A City Hall hearing on a transportation pilot program quickly devolved into heated arguments about buses that shuttle Google employees to work, and whether they symbolize efficiency or inequality
On Tuesday the San Francisco Board of Supervisors, an 11-member outfit that runs the city, sat through a marathon, eight-hour hearing in a high-ceilinged room at City Hall. The central issue of that hearing—an appeal for an environmental review of a transportation pilot program—was soporific on the surface. But the pilot program at issue was the city’s regulation of private shuttles, known colloquially as “Google buses,” and discussions of air quality quickly gave way to heated arguments about class warfare.
Citizens have long been complaining about private shuttles that use public bus stops without paying or being ticketed, particularly the imposing, double-decker coaches that pick up tech workers in San Francisco and ferry them to jobs at big tech firms in Silicon Valley. For angry citizens whose public buses might be blocked or delayed by these vehicles, the private shuttles have become symbols of a two-tiered system in San Francisco—one in which the wealthy are given breaks and the poor are displaced. “I have a problem with the arrogance of tech companies who have captured our bus stops,” said a union worker who spoke during the hours of public comments on Tuesday. “You’re going to make cuts to programs for the poorest families in this city, and these Google people stroll in and out like they’re royalty. And I’m sick of it.”
Among the dozens who took turns in front of the microphone—some leveling disrespectful epithets at the supervisors, others giving sarcastic speeches, and many trying to find a middle ground—were some “Google people” and other tech workers who are often lumped into a stereotyped “them” by residents angry about changes Silicon Valley wealth is spurring in the city. “I don’t know how this has become an engineering or tech issue,” said an engineer, noting that many of his colleagues have lived in the city for decades. “Let’s talk about affordability, transportation. I would love to talk about all those things, but how about [people critical of tech workers] first admit that we are part of the local community as well. Until then, they can take their Tea Party tactics and go bully another minority … We pay atrocious rents just like you do.”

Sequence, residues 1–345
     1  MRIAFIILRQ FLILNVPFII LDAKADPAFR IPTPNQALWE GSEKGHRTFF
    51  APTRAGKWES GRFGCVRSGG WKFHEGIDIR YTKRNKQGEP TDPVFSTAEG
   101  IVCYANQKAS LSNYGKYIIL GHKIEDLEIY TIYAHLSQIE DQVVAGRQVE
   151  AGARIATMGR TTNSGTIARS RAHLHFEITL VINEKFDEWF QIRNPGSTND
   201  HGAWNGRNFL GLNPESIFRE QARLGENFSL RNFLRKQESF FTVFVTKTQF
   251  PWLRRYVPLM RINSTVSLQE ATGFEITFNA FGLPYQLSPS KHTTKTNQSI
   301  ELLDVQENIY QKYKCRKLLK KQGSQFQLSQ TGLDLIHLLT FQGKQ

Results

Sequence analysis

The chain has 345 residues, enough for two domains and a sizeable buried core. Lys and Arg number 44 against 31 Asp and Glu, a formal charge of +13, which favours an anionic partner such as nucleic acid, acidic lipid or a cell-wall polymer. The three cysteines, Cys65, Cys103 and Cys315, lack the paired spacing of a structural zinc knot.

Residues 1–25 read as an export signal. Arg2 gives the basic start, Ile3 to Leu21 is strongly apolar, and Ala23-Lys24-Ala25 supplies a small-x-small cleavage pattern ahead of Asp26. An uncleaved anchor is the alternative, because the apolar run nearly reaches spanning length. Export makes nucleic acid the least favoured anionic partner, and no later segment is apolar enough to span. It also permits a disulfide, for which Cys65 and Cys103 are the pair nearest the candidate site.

In an attempt to appease the public, the San Francisco Municipal Transportation Authority recently presented a plan to start regulating the private shuttles, charging them $1 per stop to recoup their costs. (A state law limits them from charging more than their outlays for this type of program.) The pilot program, set to start this summer, was exempted from being given an environmental review but labor unions and community groups appealed that decision, arguing that the environmental impact of the shuttles—from noise pollution to the displacement effect of increasing the value of apartments near the stops—must be calculated. The city’s transit authority and planning department countered that the project isn’t introducing a fleet of shuttles; it’s gathering data on how the city might regulate shuttles that are already operating, and that regulation has negligible environmental impact.
While some supervisors quizzed city attorneys and transportation officials even-handedly, trying to work out all the legal nuances of the state law and case law, others came to the meeting with a clear line of questioning in mind. Supervisor Scott Wiener engaged in a heated back and forth with the lawyer arguing in favor of the environmental review, Richard Drury, pointing out that of the private shuttles currently operating, an estimated 80% transport riders within the city, to schools and hospitals as well as tech firms, while only 20% take riders out of town—yet their case focuses only on those 20%.
“It’s your position that it’s only the fact that tech workers are living here that is causing gentrification and it’s only the tech shuttles that are causing the noise, bike, pedestrian and cancer problems. I don’t understand that,” Wiener said, suggesting that the appeal wasn’t really about environmental issues. Drury argued that physical differences in the shuttles, like their size, and the way they use streets partly account for their focus on that 20%. Wiener also emphasized how many cars the shuttles keep off the road, before more tech workers testified to their dependence on the shuttles during public comments.
Other supervisors threw Drury softballs so he could expand on the potential damages of the “pirate private shuttles.” But as the matter came to a vote, many supervisors emphasized that the decision before them was about the environmental impact study alone, not about whether they liked the pilot program and even less about how they felt about private shuttles in general. With one supervisor absent by the time the vote finally took place around 10:30 p.m., the appeal failed 8-2, meaning the pilot program can go forward as planned.
Right before the vote, Supervisor Jane Kim—who voted against the appeal—explained that she had many doubts about the pilot program and suggested another path of recourse might have a greater impact. “It may be,” she said, “that this is an issue that is more appropriate for the ballot.” And with the appeal lost, critics of the private shuttle program are likely giving that avenue a closer look.